Saturday, January 7, 2023

Weathering With You

Note: This review contains spoilers for Weathering With You.

Back in 2016, Makoto Shinkai’s Your Name. put him on the map, with some critics hailing him as the next Hayao Miyazaki (whether or not this comparison is justified is up to you). At the time I had seen it, during a 2017 theatrical screening, I found myself not only loving it, but also curious in Shinkai’s other work, even if it would take me a while to do so. This would include his follow-up film, Weathering With You, which came and went in 2019 without quite the same level of fanfare. Still, my interest in seeing it didn’t go away and, three years later, I finally got my chance through the Blu-ray release, which, while enjoyable, ended up feeling like an odd step down from its predecessor.

First year highschooler Hodaka Morishima (Brandon Engman) runs away from home to Tokyo. During his trip, the ferry is struck by a rainstorm and he is saved by Keisuke Suga (Lee Pace), who gives him his business card and offers to help him out. As Hodaka struggles to find work in Tokyo without an ID, he meets Hina Amano (Ashley Boettcher), a McDonald’s employee who gives him food out of pity. Later, he finds a handgun and takes it, convincing himself it’s a toy. With money tight and no options left, Hodaka calls Suga and gains employment as an occult magazine writer. While researching a story about “sunshine girls”, Hodaka saves Hina with the aid of his gun and goes with him to an abandoned building, where he tosses the gun away. Hina shows Hodaka a shrine on the roof, as well as her ability to manipulate the weather.

Hina (Ashley Boettcher, right) shows Hodaka (Brandon Engman, left)
her ability to manipulate the weather.

For the most part, Weathering With You is well-written like Your Name. Hodaka and Hina’s relationship, while arguably repeating similar story beats with Shinkai’s previous film, develops at a good pace and the former’s actions have real, hard-hitting consequences, particularly the subplot involving the gun he found. Since weather plays a huge part in the film, it’s interesting how as Hina continues breaking up the rain with sunlight, the pattern of rain changes to compensate, as reported on the news. On top of that, Keisuke Suga, a middle-aged man, also goes through character development of his own, a bold choice for an otherwise teen-centric story. It certainly helps that all-around great performances from the English dub cast help bring out the emotional core of every scene.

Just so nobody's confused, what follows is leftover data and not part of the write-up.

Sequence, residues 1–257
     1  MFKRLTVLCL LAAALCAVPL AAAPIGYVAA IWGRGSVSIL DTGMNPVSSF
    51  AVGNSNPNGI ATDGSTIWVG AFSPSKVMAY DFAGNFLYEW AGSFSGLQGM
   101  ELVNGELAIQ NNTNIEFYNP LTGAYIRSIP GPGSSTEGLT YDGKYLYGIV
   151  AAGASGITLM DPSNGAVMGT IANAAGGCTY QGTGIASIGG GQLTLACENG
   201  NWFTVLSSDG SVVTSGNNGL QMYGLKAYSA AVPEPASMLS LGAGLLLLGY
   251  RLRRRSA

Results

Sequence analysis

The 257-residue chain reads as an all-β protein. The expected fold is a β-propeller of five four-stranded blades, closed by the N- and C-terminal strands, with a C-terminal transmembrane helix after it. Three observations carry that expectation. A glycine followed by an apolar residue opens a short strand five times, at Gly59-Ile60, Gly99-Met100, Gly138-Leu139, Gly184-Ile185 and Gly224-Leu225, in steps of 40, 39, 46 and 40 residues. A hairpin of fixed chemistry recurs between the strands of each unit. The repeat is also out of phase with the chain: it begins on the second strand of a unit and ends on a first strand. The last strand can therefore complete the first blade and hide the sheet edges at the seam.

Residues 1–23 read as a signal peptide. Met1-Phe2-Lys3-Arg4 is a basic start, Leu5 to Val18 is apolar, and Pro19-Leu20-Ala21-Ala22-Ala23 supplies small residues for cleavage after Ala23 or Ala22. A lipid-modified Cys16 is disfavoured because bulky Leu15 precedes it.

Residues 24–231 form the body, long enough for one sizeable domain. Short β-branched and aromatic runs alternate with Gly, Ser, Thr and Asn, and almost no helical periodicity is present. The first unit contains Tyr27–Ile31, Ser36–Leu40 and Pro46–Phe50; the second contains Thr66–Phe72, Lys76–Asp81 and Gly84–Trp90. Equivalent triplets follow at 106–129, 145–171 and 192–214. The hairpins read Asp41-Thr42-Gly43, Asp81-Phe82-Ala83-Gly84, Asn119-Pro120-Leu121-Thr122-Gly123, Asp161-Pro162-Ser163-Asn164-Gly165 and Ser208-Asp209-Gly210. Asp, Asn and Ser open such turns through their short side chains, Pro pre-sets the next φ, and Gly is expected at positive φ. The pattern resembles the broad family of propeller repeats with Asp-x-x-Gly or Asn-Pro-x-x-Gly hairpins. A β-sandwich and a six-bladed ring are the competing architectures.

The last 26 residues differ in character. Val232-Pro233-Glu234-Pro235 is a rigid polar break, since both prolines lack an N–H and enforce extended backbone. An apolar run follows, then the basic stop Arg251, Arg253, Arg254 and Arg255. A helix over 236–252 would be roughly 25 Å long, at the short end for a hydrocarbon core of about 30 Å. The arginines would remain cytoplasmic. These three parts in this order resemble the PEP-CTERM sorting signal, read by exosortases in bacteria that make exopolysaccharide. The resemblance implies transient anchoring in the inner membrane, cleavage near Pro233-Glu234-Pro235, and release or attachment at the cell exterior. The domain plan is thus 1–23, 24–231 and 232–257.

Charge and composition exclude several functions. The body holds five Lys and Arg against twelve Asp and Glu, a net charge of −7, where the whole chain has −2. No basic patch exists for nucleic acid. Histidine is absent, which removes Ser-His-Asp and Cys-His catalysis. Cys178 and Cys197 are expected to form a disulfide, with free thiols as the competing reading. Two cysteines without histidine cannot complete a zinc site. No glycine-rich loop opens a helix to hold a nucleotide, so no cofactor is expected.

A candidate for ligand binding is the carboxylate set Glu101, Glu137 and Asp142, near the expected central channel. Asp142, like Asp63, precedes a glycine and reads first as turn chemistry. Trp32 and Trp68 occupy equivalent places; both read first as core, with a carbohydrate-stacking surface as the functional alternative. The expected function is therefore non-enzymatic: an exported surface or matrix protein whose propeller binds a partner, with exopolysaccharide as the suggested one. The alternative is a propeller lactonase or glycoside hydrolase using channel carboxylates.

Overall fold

That said, I was split on how to feel about Hodaka’s final choice in the film. On one hand, it’s nice that he reunited with Hina after her emotional sacrifice to cease Tokyo’s rain. On the other hand, he also doomed Tokyo to eternal rain, which almost completely submerges the city three years later and irreversibly alters millions of lives. What really confused me, however, was how people Hodaka talked to afterwards about his decision seemed to mostly justify the outcome as a good thing, since Tokyo was “returning to the way it once was.” Even if you love the rest of the story, the ending can very easily make or break the entire experience.

The best aspect of Weathering With You, however, is its animation. Backgrounds and weather effects, especially rain, are rendered in beautiful and loving detail, grounding the story in a realistic setting without letting the stylized character designs feel out of place. In fact, so many shots are arguably wallpaper worthy, which is no small feat on its own. Grounding the story in reality, however, also apparently led to a lot of very blatant product placement. The most egregious bit is the McDonald’s scene, which renders everything in such realistic detail, including an actual Big Mac that Hodaka said was the best thing he had ever eaten, that it almost feels like an ad for the fast-food chain.

This scene skirts the line of whether or not it's an ad.

Although Makoto Shinkai continues showing his strengths as a filmmaker through Weathering With You, it’s unfortunate that the end product falls flat compared to Your Name. If nothing else, you may find it worth watching just to see over 100 minutes of undeniably amazing animation.

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